In honor of National Fishing Day today, June 18th, we would like to talk about one of our alternative therapeutic activities – Piscatorial Therapy. Also known as fishing therapy, it has documented results proving that fishing quiets the mind and calms the nerves. When looking at a veteran returned from war, most people only think about the physical trauma. What you can’t see is the mental trauma, which is just as important but hardest to treat. Taking our men out fishing is a way for them to enjoy a therapeutic activity in a stress-free environment, away from the treatment facility.
Fishing is a low-impact exercise that helps the men slow down to meditate and enjoy nature. It is a way for them to get outdoors interacting with one another giving a sense of camaraderie. But it also can be a solo activity, helping them become comfortable with themselves. Coming from a military background, these vets are used to the sense of community their fellow soldiers brought. Returning to civilian life without that community can cause a loneliness that is hard to fill. Most of our residents turned to drugs and alcohol as a clutch. When addicted to a drug, your time is consumed by that drug. How to fund it, where to find it, how to hide from police, then start the process all over again. Their mind is so focused on that one thing that they don’t have a chance to focus on becoming comfortable in their own skin. Here in the walls of The Baltimore Station (TBS) the one thing that these men spent all their time on is gone. They now have a void in their lives that they need to fill. TBS offers alternative experiences they have never had before, giving the opportunity to acquire transitional skills they didn’t previously have. After one resident’s first fishing trip, he fell in love with the activity and now goes whenever he is able. He found a new healthy passion through this experience that he can participate in no matter where he lives.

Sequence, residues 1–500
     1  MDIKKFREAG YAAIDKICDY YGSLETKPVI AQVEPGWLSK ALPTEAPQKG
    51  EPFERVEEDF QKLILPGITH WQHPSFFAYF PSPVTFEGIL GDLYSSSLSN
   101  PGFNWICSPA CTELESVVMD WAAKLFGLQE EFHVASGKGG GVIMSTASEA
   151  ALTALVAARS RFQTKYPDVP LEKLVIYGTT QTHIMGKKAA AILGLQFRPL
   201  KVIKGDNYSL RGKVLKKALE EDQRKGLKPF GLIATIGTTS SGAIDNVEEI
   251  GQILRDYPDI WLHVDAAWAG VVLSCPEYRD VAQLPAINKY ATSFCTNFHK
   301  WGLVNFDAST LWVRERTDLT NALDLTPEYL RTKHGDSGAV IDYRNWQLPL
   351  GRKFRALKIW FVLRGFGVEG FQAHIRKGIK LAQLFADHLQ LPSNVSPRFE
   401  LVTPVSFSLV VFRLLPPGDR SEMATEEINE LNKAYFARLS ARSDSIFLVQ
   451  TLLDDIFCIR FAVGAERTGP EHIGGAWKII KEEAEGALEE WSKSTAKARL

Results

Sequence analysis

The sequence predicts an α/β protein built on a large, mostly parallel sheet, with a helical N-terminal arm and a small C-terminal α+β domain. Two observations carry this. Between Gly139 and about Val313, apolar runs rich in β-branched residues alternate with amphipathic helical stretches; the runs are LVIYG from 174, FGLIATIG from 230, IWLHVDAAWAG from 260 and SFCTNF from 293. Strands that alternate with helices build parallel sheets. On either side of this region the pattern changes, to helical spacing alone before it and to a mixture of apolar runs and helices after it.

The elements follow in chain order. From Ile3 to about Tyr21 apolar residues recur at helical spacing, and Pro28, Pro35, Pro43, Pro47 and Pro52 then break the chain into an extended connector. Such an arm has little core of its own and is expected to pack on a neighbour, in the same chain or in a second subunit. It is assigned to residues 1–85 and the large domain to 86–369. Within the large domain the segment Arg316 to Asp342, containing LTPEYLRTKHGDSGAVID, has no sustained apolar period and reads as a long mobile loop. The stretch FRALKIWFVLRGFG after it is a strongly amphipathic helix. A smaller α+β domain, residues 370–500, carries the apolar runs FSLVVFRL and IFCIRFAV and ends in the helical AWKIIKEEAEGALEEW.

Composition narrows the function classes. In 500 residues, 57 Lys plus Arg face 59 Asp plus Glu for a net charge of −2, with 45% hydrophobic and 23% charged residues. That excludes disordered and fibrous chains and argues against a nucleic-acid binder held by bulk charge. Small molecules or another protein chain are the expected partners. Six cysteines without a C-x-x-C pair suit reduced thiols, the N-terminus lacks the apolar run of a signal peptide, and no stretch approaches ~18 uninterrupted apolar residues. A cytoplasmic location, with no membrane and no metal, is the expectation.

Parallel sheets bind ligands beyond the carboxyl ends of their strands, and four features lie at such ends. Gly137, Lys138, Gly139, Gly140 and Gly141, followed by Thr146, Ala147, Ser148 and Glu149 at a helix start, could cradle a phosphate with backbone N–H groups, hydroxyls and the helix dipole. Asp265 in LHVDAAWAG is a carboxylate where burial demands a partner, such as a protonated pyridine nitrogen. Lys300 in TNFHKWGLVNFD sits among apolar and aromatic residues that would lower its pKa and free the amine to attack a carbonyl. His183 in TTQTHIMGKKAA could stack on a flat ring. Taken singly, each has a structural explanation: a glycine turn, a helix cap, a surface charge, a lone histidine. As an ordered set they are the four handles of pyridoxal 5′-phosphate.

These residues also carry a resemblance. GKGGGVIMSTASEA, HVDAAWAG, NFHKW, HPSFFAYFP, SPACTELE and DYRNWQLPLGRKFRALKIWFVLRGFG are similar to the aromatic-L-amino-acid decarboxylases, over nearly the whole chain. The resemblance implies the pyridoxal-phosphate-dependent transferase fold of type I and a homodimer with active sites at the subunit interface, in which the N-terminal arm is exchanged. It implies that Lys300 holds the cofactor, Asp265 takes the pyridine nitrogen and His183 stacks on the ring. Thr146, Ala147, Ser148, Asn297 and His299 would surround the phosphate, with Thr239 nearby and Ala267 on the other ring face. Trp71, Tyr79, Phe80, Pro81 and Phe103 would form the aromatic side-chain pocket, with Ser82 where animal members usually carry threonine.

Before heading out on a fishing trip, the men partake in group sessions where they talk about the attributes of a fisherman- patience, persistence, analytical, enjoys solitude. These group discussions help the men receive life understanding. The trips help them apply what they learn in group to out in the real world. The application of this understanding comes from the experiences on each trip. To understand the lessons that can be learned from fishing, you must also look at the attributes of an addict: self-centered, instant gratification, impatient, blames others.
The act of fishing is a way for our men to take their mind off internal conflict and focus on the task at hand. Fishing helps focus their mind. Once they locate the fish, they must choose the correct lure and reel it in once hooked without the fish letting go first. This critical thinking helps alleviate stress and anxiety. They must be patient while fishing as some days you go out and only catch one fish. This helps the men learn to fight the instant gratification craving. Being alone while fishing, they have to face themselves, and learn contentment with themselves, which they did not previously have. If they don’t catch any fish, they can’t place the blame elsewhere for they were participating in a solo activity. Some men have to face their fears if they catch t a fish. Maybe this one was bigger than they expected, and they are now nervous that they won’t be able to reel it in. Piscatorial Therapy not only helps with PTSD, depression, and nerves, but it is a great way to help our men learn new skills on their road to recovery from drugs and alcohol.
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